Antrim can see off wounded Tipperary footballers

Tailteann Cup Group 2, round one: Antrim v Tipperary (Corrigan Park, 2.30pm Sunday)

Down vs Antrim    1  .jpg
Down vs Antrim 1 .jpg (seamus loughran)

A duel of dual counties, from the weaker code in both – but the hosts appear in a much stronger position than their visitors.

Obviously both teams are coming off losses to be involved in this second tier competition – but defeats can differ greatly.

Tipperary succumbed to that rarity in Munster, a Waterford win, the Deise footballers’ first in the province since 2010 and a first championship victory overall since 2018. That defeat in Dungarvan was especially deflating as the hosts two goals both came late on, and Waterford were playing into a gale force wind in that second half.

Tipperary scored 1-2 early on, but managed only a paltry total of 1-5 and were caught out in the end, beaten by five points.

In contrast, Antrim could argue that they should have beaten Down in Newry in their Ulster SFC quarter-final. Sure, there were four points in it at the end, 0-13 to 0-9, but the Saffrons had enough opportunities to make that a much closer contest.

Down's  Shealan Johnston  in action with  Antrim's Marc  Jordan in Saturday night's Ulster Championship game at Páirc Esler           Picture: Seamus Loughran
Down's Shealan Johnston in action with Antrim's Marc Jordan in their Ulster Championship game at Páirc Esler Picture: Seamus Loughran (seamus loughran)

Antrim won the last football meeting between these counties fairly comfortably, by eight points in last year’s Division Three, an outcome that ultimately helped the Saffrons survive while Tipp went down with only one point accrued.

Division Four didn’t go much better for Tipperary, with only one win – albeit away to Longford – and a couple of draws, in London and at home to Waterford.

With the latter ousting them from the provincial stage, Tipp are clearly at a low ebb.

Antrim’s League wasn’t much more impressive, but at least it was in Division Three, and they did record three wins.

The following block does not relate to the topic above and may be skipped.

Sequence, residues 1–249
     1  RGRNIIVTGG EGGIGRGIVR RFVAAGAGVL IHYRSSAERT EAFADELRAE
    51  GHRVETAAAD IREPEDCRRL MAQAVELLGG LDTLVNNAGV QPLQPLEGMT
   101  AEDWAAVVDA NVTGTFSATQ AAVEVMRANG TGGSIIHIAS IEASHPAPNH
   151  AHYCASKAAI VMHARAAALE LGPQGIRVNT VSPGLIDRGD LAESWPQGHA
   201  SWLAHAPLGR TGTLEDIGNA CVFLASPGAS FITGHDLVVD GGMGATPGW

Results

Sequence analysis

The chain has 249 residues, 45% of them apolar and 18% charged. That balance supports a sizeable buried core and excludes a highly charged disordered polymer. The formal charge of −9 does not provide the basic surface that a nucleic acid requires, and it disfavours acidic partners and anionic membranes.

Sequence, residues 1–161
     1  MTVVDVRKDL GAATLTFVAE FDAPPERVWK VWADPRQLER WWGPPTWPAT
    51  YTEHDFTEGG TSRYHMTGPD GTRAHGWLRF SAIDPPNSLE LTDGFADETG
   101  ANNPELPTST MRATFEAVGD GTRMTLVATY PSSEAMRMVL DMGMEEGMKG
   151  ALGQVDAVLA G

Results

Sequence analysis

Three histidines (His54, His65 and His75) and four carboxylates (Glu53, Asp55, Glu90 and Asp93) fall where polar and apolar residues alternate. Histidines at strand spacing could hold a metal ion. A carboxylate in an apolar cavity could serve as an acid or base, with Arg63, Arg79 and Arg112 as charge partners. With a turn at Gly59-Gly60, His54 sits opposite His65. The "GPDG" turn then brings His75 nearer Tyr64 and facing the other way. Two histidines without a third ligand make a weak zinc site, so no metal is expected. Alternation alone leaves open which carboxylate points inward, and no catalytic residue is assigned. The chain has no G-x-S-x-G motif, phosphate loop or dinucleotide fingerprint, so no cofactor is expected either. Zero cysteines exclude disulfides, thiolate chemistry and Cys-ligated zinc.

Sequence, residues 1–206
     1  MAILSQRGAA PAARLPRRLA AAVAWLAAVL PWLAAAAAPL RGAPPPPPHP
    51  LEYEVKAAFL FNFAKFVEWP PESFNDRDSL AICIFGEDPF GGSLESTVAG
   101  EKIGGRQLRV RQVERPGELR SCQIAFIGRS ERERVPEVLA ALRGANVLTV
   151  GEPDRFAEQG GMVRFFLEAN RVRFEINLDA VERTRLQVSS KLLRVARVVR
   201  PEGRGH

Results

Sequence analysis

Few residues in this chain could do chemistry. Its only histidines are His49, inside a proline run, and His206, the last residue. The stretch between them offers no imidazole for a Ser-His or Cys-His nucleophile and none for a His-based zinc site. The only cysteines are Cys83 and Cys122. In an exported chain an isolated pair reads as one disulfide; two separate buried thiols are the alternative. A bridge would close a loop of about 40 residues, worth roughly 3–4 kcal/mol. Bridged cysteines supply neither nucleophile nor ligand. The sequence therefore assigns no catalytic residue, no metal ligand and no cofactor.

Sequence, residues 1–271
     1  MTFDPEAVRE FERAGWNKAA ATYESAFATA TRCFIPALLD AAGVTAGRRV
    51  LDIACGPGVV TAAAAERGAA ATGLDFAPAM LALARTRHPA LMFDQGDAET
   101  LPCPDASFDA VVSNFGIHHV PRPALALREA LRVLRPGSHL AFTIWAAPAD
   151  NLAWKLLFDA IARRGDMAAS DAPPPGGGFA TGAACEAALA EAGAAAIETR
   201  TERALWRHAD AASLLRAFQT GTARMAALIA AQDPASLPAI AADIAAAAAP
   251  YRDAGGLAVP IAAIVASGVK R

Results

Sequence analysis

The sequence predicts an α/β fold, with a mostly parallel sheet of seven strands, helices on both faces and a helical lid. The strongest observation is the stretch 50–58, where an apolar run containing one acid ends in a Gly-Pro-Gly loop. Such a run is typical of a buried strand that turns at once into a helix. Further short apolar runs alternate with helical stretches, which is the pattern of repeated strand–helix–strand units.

Antrim boss Andy McEntee
Antrim boss Andy McEntee

Boss Andy McEntee has built a physically imposing outfit and despite again being second seeds, Antrim will still have an eye on winning this competition. They could have reached last year’s final, but lost out narrowly in the last four to eventual champions Meath.

The Tipperary team is much changed from that which won the Munster SFC in 2020, seeing off Cork in that final before losing a high-scoring All-Ireland semi-final to Mayo.

Dublin native Paul Kelly, who impressed in charge of his home club Thomas Davis and then with Naas in Kildare, is the man tasked with reviving Tipperary football.

He has made just two changes to the side that started against Waterford, selecting two new corner-forwards, bringing in Ballyporeen’s Darragh Brennan and Jack Kennedy of JK Bracken’s. The latter is the second player of that name in the side, with his Clonmel Commercials namesake pushed back to centre half-forward in a re-shaped line-up.

Antrim are also able to field two players with the same name as Aghagallon’s Ruairi McCann is fit again, joining his namesake from Creggan in the attack.

Clearly Tipp need to respond in a positive manner after their poor performance against Waterford and they have had time to lick their wounds and plot a better path.

Antrim too know they must surely score more than the nine points they managed against the Mournemen. Dealing with the ‘favourites’ tag could also be a problem for them.

However, with home advantage and fine weather, the Saffrons should shine and get their Tailteann Cup challenge off to a winning start.